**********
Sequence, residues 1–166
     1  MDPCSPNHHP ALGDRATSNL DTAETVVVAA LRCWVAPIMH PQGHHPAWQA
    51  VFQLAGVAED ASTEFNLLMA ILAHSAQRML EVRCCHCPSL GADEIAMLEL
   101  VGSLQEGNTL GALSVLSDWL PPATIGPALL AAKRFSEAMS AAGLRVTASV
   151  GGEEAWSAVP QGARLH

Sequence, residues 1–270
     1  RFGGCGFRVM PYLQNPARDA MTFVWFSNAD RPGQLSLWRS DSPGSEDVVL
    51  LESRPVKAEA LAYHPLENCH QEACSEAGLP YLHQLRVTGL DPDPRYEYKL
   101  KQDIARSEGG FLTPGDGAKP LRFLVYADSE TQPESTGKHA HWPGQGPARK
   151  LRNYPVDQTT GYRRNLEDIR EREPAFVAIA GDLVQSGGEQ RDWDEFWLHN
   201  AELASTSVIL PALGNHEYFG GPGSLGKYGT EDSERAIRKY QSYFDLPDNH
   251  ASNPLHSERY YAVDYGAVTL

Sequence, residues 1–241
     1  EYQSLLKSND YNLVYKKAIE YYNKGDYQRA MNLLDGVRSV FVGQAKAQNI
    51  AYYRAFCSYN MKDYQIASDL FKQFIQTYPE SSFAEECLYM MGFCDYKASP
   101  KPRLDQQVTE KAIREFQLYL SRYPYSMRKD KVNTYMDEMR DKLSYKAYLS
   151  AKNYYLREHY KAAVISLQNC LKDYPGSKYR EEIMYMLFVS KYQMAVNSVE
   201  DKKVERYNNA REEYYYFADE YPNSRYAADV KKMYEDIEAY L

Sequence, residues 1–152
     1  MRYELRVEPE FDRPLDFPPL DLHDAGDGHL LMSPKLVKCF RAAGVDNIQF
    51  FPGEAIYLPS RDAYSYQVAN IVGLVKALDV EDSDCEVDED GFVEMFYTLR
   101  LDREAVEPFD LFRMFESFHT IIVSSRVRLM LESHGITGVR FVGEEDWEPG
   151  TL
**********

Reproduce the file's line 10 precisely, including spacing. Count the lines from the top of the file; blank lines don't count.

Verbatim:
   151  LRNYPVDQTT GYRRNLEDIR EREPAFVAIA GDLVQSGGEQ RDWDEFWLHN